Helicopter controlled flight into terrain (CFIT) accidents occur mainly in daylight or visual meteorological conditions (VMC), reveals a new study by avionics manufacturer Honeywell. The company’s senior principal engineer Yasuo Ishihara has shown that popular preconceptions about the circumstances under which helicopter CFIT occurs are confounded by Honeywell’s analysis of the 66 US turbine-powered helicopter CFIT accidents between 1992 and 2003.

Speaking at the 7-10 November Flight Safety Foundation/Inter­­­­national Air Transport Association/International Federation of Air­worthiness safety conference in Moscow, Ishihara also revealed that the phase of flight in which most helicopter CFIT accidents occur (67%) is the cruise. Only 16% occurred on approach, 10% in manoeuvring flight, and 7% during the take-off phase. This, said Ishihara, is “counter-intuitive”, but it is what the statistics show.

Also non-intuitive, he said, is the fact that 52% of helicopter CFIT accidents occur in daylight, and 61% in VMC. Ishihara provided a breakdown of what the helicopters hit: 68% of impacts were with terrain, 28% with water, and 4% with man-made obstacles. The latter does not include hitting telegraph wires at low level.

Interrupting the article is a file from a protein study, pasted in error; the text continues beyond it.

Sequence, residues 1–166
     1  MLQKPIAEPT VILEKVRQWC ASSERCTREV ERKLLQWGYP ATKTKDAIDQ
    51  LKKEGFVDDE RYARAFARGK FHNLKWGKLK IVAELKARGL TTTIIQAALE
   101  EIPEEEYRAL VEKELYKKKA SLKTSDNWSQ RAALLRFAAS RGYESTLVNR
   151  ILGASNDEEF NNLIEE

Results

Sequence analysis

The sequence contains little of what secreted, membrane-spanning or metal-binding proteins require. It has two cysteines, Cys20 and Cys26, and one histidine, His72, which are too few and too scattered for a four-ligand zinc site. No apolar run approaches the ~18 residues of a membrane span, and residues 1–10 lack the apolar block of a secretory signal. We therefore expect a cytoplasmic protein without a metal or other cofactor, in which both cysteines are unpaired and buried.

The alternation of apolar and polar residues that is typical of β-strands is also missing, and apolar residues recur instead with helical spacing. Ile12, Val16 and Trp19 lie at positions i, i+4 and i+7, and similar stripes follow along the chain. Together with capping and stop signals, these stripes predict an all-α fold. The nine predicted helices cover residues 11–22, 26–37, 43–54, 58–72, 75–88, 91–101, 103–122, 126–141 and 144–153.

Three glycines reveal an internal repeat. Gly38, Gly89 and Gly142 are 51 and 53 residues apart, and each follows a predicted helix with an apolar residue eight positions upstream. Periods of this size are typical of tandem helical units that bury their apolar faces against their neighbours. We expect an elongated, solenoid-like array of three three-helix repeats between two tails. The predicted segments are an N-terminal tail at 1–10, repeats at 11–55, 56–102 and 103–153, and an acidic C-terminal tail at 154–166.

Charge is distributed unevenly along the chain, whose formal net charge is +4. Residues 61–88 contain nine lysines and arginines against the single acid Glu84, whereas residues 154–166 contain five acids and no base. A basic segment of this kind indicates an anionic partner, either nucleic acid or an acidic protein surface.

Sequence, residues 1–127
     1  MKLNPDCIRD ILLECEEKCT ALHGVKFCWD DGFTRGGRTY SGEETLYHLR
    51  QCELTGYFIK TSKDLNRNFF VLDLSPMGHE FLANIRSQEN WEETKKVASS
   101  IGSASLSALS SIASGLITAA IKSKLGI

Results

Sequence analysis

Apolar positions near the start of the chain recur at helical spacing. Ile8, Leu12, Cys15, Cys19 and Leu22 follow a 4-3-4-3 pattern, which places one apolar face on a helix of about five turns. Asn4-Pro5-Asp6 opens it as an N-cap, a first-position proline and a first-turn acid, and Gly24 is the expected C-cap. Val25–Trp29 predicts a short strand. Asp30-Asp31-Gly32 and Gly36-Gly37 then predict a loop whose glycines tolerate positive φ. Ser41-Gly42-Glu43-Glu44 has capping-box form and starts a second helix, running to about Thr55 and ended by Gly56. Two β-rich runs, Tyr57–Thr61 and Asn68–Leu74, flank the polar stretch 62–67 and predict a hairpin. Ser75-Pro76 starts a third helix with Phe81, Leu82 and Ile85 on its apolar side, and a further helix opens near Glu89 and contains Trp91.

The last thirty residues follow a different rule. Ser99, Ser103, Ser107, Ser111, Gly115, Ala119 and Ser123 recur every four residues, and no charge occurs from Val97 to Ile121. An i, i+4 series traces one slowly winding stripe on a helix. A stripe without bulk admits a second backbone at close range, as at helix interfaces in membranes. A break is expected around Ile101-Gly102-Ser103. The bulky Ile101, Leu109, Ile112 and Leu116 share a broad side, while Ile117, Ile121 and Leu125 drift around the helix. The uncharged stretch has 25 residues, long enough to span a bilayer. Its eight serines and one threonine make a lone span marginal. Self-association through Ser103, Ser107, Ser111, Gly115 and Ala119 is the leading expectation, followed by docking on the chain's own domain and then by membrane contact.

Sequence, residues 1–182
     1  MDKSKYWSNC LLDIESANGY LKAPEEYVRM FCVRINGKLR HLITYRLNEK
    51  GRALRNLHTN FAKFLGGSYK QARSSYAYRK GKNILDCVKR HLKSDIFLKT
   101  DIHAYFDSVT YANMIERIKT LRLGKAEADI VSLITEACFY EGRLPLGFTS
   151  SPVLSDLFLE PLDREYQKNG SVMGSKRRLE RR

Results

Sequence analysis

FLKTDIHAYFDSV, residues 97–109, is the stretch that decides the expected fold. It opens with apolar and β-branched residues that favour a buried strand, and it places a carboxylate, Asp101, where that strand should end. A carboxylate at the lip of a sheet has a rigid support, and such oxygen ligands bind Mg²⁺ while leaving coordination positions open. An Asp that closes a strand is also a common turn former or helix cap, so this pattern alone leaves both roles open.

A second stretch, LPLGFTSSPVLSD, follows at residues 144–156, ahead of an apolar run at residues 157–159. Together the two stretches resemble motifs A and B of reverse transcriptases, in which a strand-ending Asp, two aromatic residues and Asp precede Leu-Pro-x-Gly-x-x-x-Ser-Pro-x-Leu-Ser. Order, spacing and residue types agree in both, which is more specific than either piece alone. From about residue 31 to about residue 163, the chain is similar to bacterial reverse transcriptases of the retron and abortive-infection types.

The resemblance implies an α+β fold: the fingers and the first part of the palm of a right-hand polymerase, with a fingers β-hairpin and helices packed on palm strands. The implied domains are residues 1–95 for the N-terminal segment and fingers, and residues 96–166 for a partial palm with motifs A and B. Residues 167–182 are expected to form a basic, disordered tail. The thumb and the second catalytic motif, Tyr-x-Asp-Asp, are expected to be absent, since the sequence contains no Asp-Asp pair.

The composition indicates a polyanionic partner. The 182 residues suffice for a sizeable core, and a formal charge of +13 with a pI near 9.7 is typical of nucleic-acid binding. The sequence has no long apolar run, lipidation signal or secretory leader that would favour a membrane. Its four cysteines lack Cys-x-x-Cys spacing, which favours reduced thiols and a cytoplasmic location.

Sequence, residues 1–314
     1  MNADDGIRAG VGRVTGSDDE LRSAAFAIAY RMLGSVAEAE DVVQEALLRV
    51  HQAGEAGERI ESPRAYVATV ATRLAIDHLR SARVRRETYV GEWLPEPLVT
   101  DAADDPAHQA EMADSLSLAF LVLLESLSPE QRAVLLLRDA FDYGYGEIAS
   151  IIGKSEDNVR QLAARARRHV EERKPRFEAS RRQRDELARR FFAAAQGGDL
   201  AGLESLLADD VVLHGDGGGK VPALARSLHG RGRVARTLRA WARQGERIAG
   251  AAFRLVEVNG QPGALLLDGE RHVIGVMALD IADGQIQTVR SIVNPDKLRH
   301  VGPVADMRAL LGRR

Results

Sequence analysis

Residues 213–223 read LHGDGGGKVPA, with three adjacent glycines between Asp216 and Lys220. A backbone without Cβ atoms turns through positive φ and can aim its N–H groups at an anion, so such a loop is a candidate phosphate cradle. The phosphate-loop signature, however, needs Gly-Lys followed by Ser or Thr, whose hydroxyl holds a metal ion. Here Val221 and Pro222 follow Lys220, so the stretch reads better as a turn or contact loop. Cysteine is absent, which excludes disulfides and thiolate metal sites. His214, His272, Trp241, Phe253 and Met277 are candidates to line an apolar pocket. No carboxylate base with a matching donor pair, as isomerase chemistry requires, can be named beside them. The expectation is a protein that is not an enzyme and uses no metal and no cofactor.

US emergency medical service (EMS) helicopters, which have suffered an unusually high eight CFIT accidents in 2003-4, show a different accident pattern from those of turbine helicopter operations as a whole, said Ishihara. In US EMS operations, during the 1992-2004 period, 84% of CFIT accidents happened at night, but in 58% of the EMS accident flights VMC prevailed. Ishihara noted that night-vision goggles have been proposed as a solution, but said the fact that so many helicopter accidents occur in VMC and daylight show vision alone is clearly not the only issue.

Ishihara said helicopter terrain awareness and warning systems could supply the situational awareness that, according to the statistics, vision alone is not providing.


Source: Flight International